“I have brought back a wealth of knowledge with me which I have started to put into good use locally,” said Reece-Mills, who is at the University Hospital of the West Indies. “Having a centre like SickKids with such a great record of success can only empower us to do great things.”
As part of the CSPCBDP five-year plan, TeleMedicine, physician envoys and the SickKids International Learner program will provide customized and hands-on training to local practitioners, establish and maintain a patient registry to provide high-quality data and key outcomes and increase the knowledge of primary care practitioners and pharmacists in the Caribbean to improve cancer care access.
Trainees will also travel from the Caribbean to SickKids regularly for hands-on training and experience at the hospital’s Garron Family Cancer Centre. The hospital has so far trained seven practitioners from Jamaica, Trinidad & Tobago and Barbados.
SickKids Foundation has raised $2 million in less than a year to support the project. It’s seeking financial support from Canadian donors and naming opportunities are available for gifts from $25,000 to $2.5 million.
The foundation’s president and chief executive officer, Ted Garrard, said they are on target to raise $8 million in the next five years to support the project.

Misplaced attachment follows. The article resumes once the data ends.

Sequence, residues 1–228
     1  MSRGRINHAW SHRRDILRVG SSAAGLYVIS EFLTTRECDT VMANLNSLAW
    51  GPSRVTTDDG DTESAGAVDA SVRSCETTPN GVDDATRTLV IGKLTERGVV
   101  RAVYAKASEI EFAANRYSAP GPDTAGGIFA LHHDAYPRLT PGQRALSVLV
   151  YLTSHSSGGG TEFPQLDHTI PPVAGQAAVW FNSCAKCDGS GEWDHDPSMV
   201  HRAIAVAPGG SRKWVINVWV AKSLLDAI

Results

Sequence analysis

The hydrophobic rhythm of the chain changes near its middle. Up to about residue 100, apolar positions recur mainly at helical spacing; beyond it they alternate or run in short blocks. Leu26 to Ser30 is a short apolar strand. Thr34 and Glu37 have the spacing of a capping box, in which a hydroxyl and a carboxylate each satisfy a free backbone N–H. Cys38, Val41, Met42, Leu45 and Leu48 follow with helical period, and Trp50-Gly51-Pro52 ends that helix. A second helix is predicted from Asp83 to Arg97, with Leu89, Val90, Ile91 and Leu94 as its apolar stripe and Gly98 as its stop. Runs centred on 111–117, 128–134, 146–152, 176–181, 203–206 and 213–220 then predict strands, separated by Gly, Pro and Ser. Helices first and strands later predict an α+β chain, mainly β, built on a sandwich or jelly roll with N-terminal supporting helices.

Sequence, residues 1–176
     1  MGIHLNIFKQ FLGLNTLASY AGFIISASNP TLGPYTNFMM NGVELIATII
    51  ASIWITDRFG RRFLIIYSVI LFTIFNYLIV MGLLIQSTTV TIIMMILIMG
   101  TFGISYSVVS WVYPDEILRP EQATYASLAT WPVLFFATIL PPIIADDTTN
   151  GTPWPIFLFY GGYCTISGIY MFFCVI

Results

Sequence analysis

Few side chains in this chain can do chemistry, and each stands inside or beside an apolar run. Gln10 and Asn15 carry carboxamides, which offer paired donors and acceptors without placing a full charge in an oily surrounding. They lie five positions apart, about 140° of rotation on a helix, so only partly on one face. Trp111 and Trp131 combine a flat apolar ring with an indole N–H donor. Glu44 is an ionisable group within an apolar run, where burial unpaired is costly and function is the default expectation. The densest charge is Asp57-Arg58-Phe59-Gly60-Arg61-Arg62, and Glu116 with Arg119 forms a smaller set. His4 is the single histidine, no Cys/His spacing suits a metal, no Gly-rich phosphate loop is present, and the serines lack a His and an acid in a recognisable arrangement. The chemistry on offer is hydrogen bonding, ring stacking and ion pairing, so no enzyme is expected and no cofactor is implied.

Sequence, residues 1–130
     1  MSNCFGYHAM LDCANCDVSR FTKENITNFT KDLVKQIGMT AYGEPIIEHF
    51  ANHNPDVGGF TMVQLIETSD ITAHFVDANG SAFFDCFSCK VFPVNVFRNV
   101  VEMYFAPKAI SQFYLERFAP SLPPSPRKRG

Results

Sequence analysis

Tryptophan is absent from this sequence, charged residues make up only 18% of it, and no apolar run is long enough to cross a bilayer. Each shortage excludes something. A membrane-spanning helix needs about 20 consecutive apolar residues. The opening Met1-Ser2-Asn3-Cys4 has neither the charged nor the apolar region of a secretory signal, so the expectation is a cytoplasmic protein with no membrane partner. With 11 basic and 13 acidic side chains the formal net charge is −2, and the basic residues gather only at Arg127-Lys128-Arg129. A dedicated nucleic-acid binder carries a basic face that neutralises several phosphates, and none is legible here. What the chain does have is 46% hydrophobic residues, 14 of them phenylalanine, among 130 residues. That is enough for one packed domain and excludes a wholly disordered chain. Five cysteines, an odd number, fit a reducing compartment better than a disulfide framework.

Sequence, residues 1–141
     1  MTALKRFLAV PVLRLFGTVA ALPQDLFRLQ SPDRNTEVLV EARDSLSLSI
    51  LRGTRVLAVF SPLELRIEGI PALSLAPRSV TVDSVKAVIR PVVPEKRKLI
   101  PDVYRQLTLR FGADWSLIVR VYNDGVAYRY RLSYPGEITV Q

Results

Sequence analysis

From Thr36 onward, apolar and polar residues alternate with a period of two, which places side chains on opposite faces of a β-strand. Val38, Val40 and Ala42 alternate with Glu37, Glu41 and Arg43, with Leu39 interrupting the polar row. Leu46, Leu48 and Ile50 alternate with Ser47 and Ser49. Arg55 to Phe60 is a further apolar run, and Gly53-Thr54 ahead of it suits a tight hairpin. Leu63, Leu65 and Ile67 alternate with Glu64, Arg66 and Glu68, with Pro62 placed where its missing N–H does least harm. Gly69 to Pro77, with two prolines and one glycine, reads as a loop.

“The Caribbean faces limitations on its health resources and these limitations affect the quality and length of life for children in this region,” said Garrard. “These generous gifts will help build capacity for these Caribbean countries to more effectively diagnose and treat children with cancer and blood disorders.”
Barbados Ball Canada Aid (BBCA) representatives presented Garrard with a $20,000 cheque at the launch. Former Barbados Consul General, Kay McConney, conceived the idea for the fundraiser a decade ago to provide annual post-secondary bursaries and financial assistance to charitable organizations that offer health care services and programs for youths.
“Some of the key words in our mandate are youth and health care, so this is a perfect match for us,” said BBCA president, Steve Kirton, who joined the organization’s first vice-president and communications chair, Hugh Graham and treasurer, Donald MacKinlay, in making the presentation. “We always have to remember that the youngest are the most vulnerable.”
Kirton said his organization has committed to contributing $15,000 in each of the next two years to the SickKids project.
Other Caribbean nationals and friends of the region have also committed to the CSPCBDP initiative.
Jamaican-born Wayne Purboo, the president and chief executive officer of Quick Play Media which he founded nine years ago, will fund the renovation of the TeleMedicine facility at the Bustamante Hospital for Children in Jamaica while Canadian rapper and record producer, Kardinal Offishall, has donated part of the proceeds from his annual Christmas event.
Children residing in Caribbean territories outside the six selected countries will have access to the specialists and facilities in the hubs closest to them for diagnosis and treatment.
By RON FANFAIR